When looking at the male stellar river otter it possesses the morphology of a powerful predator. The two long pairs of canines and huge forelimbs make this mammal an intimidating predator. The mane of the stellar river otter can be erected and lowered to accommodate for the situation. When swimming the mane is lowered to make their body more streamline. However, there is evidence suggesting that the mane may be used when P. hydrobyothynus is turning and uses the mane like a sail. When walking around on land P. hydrobothynus keeps its mane erect at all times. P. hydrobothynus is able to erect and lower its mane by contracting and relaxing its arrectorus pilorum muscles. The arrectorus pilorum is the muscle responsible for causing goose bumps in humans. One of the other most distinguishing factors that the male’s skeleton has is its large olecranon process, while this does aid in swimming it is also very common in mammals that specialize in fossorial locomotion. 

morphology of made up mammal

Submitted by brettconnoll on Sun, 04/22/2018 - 16:30

P. hydrobothynus is a sexually dimorphic species of otter. The male otters have very large and colorful mane made of orange, yellow, and red and a dark brown body with a white underside. They have a short stocky body, a short fat tail, and a much more robust pectoral girdle. Males are usually only 1 meter long, and 0.35 meters tall. The female otters are dark brown in color with a white underside and are camouflaged in the murky water and muddy banks. The female stellar river otters are built like a traditional river otter and are very streamline with a long wing-like tail, and a longer skinnier body. Females tend to be roughly 1.2 meters long, and are 0.2 m tall. The male and female both have very thick fur to stay dry and for insulation. The two sexes are so morphologically different they were first thought to be different species; however, a distinct red diamond pattern on the chest of this species was the first clue that the discoverers had in determining they were the same species. 

Devil Face Tumor Disease

Submitted by brettconnoll on Wed, 04/11/2018 - 21:59

The Tasmanian Devil is an iconic, and charismatic species that lives on the Island of Tasmania off the coast of Australia. Reports started 1996 of Tasmanian Devils with large facial and neck tumors. The cancer is transmitted through an infected individual by biting a healthy individual. Due to the Tasmanian Devil’s tendency to fight, and bite each other over territory, food and sex the tumors are passed fairly quickly through populations. The tumors begin to proliferate and can prevent the Tasmanian Devil from breathing, and eating; however, it may take time for the tumors to get large enough to do kill the infected individual giving the cancer plenty of time to get passed on. The tumors are killing many Tasmanian Devils and certain populations throughout Tasmania have been reduced more than 90% in the last 20 years and is now considered endangered.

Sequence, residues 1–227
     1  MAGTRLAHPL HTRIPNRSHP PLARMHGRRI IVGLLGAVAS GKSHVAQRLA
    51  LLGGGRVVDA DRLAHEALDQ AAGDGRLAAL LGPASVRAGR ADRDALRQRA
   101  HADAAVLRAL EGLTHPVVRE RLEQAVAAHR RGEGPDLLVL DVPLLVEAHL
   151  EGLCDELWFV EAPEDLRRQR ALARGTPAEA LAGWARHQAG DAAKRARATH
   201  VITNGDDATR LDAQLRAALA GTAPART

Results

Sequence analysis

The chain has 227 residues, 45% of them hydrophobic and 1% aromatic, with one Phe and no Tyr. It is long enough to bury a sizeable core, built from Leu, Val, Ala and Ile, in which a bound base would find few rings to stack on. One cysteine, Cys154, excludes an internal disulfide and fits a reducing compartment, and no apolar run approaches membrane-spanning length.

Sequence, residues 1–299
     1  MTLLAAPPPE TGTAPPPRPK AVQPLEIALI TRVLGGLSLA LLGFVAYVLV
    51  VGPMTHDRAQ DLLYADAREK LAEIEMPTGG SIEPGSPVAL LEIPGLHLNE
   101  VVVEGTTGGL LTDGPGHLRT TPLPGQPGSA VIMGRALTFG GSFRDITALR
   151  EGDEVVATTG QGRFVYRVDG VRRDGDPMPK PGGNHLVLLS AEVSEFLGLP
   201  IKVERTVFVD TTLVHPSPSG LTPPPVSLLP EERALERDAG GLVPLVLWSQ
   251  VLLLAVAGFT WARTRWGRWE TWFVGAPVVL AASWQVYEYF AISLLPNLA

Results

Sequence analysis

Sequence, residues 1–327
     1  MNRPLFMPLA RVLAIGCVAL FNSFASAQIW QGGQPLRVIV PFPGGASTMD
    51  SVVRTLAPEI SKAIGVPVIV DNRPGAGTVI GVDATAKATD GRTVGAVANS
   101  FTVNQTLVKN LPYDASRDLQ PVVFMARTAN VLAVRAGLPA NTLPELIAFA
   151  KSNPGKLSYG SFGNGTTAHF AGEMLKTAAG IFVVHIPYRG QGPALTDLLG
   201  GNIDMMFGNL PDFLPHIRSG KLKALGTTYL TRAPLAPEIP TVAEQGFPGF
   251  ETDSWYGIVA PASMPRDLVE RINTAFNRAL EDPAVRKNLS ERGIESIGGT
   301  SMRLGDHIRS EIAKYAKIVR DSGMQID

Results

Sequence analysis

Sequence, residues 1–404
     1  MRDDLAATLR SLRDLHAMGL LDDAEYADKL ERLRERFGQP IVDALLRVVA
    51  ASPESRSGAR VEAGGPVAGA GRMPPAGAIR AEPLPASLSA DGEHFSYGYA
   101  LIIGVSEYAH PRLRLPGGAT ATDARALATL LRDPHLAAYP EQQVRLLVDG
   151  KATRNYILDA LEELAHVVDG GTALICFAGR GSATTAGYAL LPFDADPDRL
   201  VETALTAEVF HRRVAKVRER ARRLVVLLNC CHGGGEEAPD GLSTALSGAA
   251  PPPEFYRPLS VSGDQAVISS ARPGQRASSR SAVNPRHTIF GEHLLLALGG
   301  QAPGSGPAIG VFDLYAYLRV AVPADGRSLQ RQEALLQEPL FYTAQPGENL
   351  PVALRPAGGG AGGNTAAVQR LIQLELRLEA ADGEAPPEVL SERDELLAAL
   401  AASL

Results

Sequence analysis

How cancer spreads through Tasmanian Devils

Submitted by brettconnoll on Wed, 04/11/2018 - 21:58

    Devil face tumor disease or DFTD is exterminating populations of Tasmanian devils throughout Tasmania due to its ability to be transmitted between individuals. The cancer is able to do this not through the use of a virus but instead, the cancer cell itself is able to bypass the devil’s immune system and colonize the host's tissue. This study looked into the mechanics of how this happens and how it can be treated. The cancer cells go undetected by the host's immune system due to the low genetic diversity of the MHC gene and overall poor genetic diversity, and inbreeding of the populations of Tasmanian devils throughout the island. MHC gene helps the body create T-cells and immune responses to tumors. The cancer cells express this gene allowing it to evade the host's immune system because it recognizes it as its own cell due to the poor genetic diversity of this gene. Methods to help stop this have been attempting to develop a vaccine, keeping healthy populations of Tasmanian devils in captivity, and introducing new Tasmanian devils into areas with very low genetic diversity in hope of creating resistant individuals.

my views on tasmanian devil cancer

Submitted by brettconnoll on Wed, 04/11/2018 - 21:55

The fact that a type of cancer can be transmissible is very scary and somewhat intimidating. Many populations of Tasmanian Devils don’t stand a chance against this cancer and their future is looking very bleak. The one bright side to this disease is that we can study transmissible cancer. These cancers are extremely rare with only a few other cases in the entire world. Understanding how these cancers work will help us develop new methods of treatment in case more diseases like this develop in the future. Transmissible cancers are extremely dangerous and have shown that they can obliterate a species in no time at all. I believe that studying this cancer and finding a cure for it is going to be incredibly beneficial for humans and the Tasmanian devils.